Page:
In the opening verses of his epistle, James, the brother of our Lord, calls us to rejoice in trials because they strengthen our faith and cause us to persevere (1:2–4). While we may know this to be true, so often we pay only lip service to this teaching, thinking that those who lived during the apostolic age found it easier than we do to evidence their profession with their good works.
However, our study of James has shown us that those who lived long ago also had difficulty living according to Christ’s law even while professing allegiance to it. Like Christians today, the original audience of this letter endured many trials. Yet instead of embracing these trials with joy, they began to act in ways inconsistent with their profession. They questioned the goodness of God, thinking that He was tempting them to sin (vv. 12–18). Their zeal to live according to God’s wisdom was soon replaced with a pattern of life reflecting the wisdom of this fallen world. As a result, they became quick to speak (vv. 19–21), often letting their tongues run wild and curse their fellow believers (3:1–12). Just like this sinful world, they exalted those with great wealth at the expense of the righteous poor (2:1–13) and even began to boast in their riches rather than in their position in Christ (1:9–11).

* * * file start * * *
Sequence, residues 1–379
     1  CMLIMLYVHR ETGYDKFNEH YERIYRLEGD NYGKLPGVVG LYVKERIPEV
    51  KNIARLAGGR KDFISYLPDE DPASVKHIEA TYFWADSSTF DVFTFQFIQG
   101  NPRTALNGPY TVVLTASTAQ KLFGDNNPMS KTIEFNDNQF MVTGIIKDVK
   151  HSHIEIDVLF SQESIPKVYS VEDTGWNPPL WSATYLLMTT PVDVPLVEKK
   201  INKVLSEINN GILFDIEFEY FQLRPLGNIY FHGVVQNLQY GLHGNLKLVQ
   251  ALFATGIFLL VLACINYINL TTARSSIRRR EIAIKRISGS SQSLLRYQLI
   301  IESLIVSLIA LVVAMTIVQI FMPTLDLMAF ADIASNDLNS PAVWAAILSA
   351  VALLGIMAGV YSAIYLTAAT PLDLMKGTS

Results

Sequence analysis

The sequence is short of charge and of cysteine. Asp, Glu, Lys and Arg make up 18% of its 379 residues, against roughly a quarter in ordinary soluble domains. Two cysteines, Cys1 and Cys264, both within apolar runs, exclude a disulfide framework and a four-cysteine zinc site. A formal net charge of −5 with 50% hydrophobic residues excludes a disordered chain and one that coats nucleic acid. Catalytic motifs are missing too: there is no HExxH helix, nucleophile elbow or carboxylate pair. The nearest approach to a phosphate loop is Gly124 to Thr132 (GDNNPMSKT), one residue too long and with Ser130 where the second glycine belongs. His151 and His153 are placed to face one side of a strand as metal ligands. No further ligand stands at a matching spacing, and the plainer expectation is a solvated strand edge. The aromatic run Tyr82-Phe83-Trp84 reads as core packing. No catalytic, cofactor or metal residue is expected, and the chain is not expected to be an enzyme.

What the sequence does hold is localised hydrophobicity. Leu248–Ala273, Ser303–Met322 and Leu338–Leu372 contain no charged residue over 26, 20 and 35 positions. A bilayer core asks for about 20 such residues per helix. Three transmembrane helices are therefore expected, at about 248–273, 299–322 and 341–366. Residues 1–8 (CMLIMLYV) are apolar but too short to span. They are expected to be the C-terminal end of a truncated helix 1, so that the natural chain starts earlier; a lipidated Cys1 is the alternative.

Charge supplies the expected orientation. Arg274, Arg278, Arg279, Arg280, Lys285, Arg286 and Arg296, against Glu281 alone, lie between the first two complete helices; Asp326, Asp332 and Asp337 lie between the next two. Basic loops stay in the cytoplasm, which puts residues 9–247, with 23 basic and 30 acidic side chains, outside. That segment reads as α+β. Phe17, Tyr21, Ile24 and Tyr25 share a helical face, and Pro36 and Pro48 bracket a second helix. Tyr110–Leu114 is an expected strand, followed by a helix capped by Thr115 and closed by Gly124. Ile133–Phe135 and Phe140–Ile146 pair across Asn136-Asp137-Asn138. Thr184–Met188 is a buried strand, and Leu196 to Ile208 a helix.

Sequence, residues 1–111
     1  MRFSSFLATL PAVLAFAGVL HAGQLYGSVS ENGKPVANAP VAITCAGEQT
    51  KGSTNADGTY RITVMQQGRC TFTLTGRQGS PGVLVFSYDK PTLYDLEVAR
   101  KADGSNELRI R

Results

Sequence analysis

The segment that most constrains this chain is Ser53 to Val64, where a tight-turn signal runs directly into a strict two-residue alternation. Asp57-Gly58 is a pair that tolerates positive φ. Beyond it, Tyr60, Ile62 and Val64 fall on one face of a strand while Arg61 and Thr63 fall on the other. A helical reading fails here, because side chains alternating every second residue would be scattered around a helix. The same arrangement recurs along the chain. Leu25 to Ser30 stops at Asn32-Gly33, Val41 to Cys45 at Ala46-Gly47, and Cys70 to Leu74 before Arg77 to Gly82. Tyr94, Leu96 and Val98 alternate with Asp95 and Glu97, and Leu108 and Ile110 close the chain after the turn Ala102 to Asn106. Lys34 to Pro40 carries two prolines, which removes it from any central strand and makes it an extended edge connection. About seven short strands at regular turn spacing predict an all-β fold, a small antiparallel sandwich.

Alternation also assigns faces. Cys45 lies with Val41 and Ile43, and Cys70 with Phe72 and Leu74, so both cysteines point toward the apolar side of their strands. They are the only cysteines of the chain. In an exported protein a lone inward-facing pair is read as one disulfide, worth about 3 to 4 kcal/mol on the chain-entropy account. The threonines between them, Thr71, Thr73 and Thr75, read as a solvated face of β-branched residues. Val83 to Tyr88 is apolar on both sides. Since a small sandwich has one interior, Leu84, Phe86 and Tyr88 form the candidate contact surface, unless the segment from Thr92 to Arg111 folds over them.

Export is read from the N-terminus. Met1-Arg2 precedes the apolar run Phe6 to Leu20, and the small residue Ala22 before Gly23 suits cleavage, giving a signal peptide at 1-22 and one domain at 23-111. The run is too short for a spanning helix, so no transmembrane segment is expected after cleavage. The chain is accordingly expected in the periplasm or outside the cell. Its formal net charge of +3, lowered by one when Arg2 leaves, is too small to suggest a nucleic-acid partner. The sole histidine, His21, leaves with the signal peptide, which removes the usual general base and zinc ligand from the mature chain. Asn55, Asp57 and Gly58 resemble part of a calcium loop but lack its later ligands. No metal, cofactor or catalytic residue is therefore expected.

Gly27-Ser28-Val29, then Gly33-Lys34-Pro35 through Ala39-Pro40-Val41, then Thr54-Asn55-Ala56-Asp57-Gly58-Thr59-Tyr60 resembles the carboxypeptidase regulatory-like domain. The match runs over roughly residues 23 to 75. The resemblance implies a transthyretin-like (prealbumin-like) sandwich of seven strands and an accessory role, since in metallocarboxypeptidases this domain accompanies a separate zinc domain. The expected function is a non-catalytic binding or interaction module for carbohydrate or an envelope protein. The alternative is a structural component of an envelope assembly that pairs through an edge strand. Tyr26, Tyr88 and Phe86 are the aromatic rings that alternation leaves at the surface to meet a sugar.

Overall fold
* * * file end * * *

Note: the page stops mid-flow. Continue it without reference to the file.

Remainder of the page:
Without mincing any words, James called this audience to repent of such behavior (4:1–12) and warned of judgment against those who would use their wealth to oppress the poor (5:1–6). With a pastor’s heart, he called upon them to respond to their trials properly by seeking God’s wisdom (1:5–8) and then to reflect this wisdom in their care for the poor (v. 27), their planning for the future (4:13–17), and their exercise of the tongue in patience (5:7–12), prayer (vv. 13–18), and exhortation (vv. 19–20).
As we conclude our study of James today, we note that only by God’s wisdom can we do these things (3:13–18). And do them we must, for these good works not only show that we possess heavenly wisdom, they also show that we have true faith (2:14–26). If we confess Christ without doing good works, our profession is revealed to be inauthentic and, therefore, not effectual for salvation.